Fears stop treatment for eating disorders

Fear of being negatively judged is discouraging people with eating disorders from getting help.

A study by Bodywhys, the Eating Disorders Association of Ireland, found stigma acts as a significant barrier to sufferers getting treatment and support.

Participants taking part in the study said the impact of negative stereotypes left them feeling lonely and isolated.

They also felt under pressure to manage their eating disorder alone.

The study was based on an analysis of transcripts from Bodywhys Connect online support sessions held between July 2012 and January 2013.

In particular, participants felt there was a widespread belief that eating disorders were somehow self-inflicted — a stereotype they strongly resisted.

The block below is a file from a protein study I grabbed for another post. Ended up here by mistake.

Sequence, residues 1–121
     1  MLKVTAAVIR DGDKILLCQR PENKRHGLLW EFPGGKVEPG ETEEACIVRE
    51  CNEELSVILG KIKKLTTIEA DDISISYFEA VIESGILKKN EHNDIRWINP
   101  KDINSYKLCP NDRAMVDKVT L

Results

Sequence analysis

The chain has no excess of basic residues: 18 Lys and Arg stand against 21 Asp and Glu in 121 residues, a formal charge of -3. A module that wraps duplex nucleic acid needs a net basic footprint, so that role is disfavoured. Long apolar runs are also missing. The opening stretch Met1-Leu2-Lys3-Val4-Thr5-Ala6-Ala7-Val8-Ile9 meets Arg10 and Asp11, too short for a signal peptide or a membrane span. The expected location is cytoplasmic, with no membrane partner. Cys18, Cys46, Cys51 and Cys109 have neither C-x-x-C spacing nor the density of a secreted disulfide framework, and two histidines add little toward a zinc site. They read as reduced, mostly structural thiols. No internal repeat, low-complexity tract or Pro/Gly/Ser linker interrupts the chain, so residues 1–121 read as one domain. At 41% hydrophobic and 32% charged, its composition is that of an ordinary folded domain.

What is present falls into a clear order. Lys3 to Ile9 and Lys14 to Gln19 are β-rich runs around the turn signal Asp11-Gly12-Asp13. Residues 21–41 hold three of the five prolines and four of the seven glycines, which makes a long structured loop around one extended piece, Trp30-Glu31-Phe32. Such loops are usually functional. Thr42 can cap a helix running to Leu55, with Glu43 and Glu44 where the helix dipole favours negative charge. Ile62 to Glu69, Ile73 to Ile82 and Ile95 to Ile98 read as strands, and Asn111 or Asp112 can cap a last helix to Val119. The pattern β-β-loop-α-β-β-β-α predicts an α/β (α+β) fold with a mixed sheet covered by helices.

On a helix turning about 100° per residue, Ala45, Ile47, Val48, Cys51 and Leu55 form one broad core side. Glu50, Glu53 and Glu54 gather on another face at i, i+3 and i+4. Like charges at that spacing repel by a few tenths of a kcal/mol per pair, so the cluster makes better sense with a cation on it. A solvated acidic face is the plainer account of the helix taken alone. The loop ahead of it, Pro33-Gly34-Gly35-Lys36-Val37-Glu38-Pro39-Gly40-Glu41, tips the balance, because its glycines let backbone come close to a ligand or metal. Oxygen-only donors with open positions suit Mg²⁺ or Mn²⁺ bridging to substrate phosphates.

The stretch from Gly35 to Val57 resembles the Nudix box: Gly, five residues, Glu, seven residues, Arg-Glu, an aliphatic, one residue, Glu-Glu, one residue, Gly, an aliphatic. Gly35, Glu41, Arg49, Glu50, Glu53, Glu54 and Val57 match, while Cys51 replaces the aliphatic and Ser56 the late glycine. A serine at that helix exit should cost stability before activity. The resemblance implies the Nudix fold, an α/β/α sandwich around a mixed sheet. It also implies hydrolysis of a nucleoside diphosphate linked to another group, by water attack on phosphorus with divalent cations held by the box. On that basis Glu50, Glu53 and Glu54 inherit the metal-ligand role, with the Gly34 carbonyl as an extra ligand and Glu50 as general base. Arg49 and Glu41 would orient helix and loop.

They also felt under pressure because of a lack of knowledge about the recovery process; that it was not a quick, straight-forward process.

Bodywhys chief executive, Jacinta Hastings, said many factors combined to make any one person more vulnerable to an eating disorder and these varied from person to person.

The study – Living With an Eating Disorder: The Impact of Stigma on Help-Seeking and Support Experiences has been launched during Eating disorders Awareness Week.

Bodywhys helpline no: 1890-200444.


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